Memorable Moments: NPR

By Grace Dunn

The 25 of us on this trip have a variety of majors; therefore, certain site visits interested some students more than others, and it was usually easy to predict who would like what. For example, the economics majors were excited about visiting The Commodities Futures Trading Commission (CFTC), and the journalism majors really loved The Atlantic. But sometimes, our preconceptions were wrong.

On Wednesday, we had the opportunity to see the inner workings of NPR. And Ryan Mckeever, senior, who is not a journalism major; but is an economics and politics double major, might have been the most excited about the tour. The reason behind the excitement? Ryan respects and gets most of his news from NPR. He stated, “it was cool to see behind the scenes of what I spend so much time listening and learning from.”

Ryan is not wrong when he said we got to see behind the scenes. We walked around on the newsroom floor where we saw Latchmi Singh eating lunch at her desk. But most importantly for Ryan and many others, we got to see the Tiny Desk. It is Bob Boilen’s, All Songs Considered, desk where they have musicians perform mini live concerts. The design of the Tiny Desk is magnificent. There are trinkets surrounding the desk that musicians have left over the years, including a half finished water bottle from Adele.


The Tiny Desk. Photo by Grace Dunn

The NPR tour came at a relevant time in our trip. During the second week we had more discussions about media and its role in politics. Early in the week we visited the Atlantic and spoke with Matt Vasilogambros, and a few journalism students went to the Washington Post. In our class discussions about media we covered a variety of topics. Throughout each visit and our class discussions, there seemed to be a common question, what effect will the new administration have on the media? And the answer we got every time was, “I don’t know.”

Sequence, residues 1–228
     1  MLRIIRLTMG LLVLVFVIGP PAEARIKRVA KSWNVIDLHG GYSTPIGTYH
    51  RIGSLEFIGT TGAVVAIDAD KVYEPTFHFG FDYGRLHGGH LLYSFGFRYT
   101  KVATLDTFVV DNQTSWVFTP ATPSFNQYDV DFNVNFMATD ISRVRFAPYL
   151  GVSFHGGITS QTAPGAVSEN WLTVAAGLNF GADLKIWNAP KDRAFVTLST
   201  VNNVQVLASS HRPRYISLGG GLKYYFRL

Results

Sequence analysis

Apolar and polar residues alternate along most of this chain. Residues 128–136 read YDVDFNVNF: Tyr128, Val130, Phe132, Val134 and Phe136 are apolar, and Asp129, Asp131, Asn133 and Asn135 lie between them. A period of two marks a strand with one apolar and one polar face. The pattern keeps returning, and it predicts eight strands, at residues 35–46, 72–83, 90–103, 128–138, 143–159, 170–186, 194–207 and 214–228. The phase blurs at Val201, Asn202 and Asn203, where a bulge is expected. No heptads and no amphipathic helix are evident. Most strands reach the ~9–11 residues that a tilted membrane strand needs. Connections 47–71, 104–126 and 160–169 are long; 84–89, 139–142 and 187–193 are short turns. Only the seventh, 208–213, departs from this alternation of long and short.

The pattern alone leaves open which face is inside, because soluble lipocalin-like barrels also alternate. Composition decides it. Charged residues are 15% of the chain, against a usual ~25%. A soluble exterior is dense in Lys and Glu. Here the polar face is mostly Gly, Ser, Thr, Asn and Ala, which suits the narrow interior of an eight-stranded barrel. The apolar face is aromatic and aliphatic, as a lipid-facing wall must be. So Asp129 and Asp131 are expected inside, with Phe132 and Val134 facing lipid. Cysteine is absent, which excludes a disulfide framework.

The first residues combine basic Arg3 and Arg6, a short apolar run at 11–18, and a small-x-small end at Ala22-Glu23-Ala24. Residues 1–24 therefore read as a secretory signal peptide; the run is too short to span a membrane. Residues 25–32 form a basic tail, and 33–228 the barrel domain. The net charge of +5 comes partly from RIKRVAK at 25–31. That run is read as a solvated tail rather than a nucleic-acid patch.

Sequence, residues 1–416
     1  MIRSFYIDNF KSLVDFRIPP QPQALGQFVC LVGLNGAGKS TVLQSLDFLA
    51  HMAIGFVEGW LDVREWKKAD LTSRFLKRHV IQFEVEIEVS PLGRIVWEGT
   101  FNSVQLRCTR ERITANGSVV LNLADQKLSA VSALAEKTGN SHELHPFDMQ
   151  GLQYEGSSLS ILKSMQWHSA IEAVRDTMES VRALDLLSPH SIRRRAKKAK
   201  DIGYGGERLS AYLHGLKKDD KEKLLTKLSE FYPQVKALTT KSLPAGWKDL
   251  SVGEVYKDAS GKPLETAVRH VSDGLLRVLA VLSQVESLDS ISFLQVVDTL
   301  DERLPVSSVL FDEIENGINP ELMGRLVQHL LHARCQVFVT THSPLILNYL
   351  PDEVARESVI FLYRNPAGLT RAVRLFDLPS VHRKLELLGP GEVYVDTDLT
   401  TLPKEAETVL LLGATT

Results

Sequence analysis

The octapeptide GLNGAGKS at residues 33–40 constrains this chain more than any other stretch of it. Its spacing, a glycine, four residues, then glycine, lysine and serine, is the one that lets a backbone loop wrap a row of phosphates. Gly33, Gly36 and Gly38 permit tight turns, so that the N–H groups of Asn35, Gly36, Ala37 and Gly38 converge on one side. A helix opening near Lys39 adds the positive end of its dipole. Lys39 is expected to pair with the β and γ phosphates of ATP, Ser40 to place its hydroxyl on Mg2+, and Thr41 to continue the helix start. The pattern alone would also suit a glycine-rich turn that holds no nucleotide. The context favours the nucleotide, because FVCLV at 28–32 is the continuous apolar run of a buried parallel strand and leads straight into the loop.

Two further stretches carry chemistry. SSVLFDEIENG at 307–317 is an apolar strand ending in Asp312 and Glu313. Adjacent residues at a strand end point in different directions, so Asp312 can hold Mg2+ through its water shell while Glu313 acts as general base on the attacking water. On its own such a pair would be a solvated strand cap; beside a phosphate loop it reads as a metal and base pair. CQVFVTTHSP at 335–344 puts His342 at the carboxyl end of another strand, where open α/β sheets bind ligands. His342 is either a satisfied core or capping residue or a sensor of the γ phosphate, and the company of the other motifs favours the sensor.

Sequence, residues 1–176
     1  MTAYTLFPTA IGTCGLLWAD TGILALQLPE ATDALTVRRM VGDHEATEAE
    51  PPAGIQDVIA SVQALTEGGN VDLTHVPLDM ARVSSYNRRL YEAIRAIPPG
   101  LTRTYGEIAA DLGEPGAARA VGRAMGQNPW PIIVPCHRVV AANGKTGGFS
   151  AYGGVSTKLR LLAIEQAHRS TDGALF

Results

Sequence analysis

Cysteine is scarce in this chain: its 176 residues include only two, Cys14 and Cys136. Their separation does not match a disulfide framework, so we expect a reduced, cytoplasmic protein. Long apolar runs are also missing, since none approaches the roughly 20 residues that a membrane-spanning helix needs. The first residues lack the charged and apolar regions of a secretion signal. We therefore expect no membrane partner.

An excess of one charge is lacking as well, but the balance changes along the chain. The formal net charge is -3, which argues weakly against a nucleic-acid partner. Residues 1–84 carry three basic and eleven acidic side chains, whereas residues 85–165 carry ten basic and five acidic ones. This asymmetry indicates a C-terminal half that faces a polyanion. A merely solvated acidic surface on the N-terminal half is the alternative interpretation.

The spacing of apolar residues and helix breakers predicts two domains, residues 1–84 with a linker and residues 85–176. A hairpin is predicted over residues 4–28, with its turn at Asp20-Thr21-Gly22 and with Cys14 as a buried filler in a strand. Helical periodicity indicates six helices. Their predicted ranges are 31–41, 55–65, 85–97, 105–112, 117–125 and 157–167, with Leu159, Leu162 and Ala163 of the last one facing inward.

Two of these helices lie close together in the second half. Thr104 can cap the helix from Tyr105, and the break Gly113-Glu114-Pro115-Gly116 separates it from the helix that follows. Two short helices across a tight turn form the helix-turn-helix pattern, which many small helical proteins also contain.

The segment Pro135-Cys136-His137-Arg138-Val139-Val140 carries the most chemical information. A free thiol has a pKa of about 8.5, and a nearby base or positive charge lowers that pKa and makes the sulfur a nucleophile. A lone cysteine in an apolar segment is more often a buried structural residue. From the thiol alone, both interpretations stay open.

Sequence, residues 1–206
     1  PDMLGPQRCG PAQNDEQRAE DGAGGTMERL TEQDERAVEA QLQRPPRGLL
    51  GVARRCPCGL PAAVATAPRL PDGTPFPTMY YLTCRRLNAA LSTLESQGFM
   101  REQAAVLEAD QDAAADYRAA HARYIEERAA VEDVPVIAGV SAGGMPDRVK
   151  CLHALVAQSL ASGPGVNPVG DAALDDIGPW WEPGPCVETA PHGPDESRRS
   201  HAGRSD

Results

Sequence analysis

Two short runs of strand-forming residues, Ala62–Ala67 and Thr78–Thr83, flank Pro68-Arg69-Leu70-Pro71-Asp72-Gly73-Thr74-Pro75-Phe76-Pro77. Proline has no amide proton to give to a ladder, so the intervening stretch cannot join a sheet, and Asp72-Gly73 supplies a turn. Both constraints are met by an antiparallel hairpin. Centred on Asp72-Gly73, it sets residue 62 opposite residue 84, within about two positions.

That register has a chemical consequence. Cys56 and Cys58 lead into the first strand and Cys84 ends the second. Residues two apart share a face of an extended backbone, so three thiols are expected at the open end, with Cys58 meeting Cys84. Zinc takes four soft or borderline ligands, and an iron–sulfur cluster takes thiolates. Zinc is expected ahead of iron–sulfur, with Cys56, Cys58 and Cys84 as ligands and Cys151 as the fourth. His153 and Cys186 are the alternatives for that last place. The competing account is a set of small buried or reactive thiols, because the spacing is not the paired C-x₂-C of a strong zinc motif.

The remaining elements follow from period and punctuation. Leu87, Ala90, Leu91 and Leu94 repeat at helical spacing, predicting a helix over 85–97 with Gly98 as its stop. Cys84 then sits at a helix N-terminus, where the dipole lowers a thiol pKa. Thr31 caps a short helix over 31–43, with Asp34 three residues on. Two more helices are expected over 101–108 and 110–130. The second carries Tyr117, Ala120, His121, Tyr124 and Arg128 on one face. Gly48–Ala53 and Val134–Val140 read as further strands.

There are so many unanswered questions concerning the new administration, it is fitting that the role of media is included with the uncertainty. During and after the election, President Trump has had a contentious relationship with the media. At his most recent press conference, Trump refused to take a question from a CNN reporter because of the Buzzfeed article. He then, in true Donald Trump form, called CNN “fake news.” There are rumors that Trump might move the White House Press Corps out of the West Wing. The Trump administration says it is because the room is not big enough anymore, but a few people we talked to think it is to spite the media. They believe that Trump wants to show them he has the power, and he will use it.


NPR sign outside building. Photo by Grace Dunn

Ryan also doesn’t know how Trump’s Presidency will affect the media, but he is interested in finding out “what kind of stands NPR takes as a news organization, in the context of their mission.” Ryan believes “even though they try to stay neutral, a lot of people critique them for being a little more liberal” which in some cases he can understand. When listening to a discussion about the Betsy DeVos hearings on NPR, Ryan noticed, “everyone was very critical. No one was respecting her side of the story.”

Whether it was seeing Latchmi Singh eat lunch, the data room, the Tiny Desk, or just the gift shop, we all enjoyed the tour of NPR.

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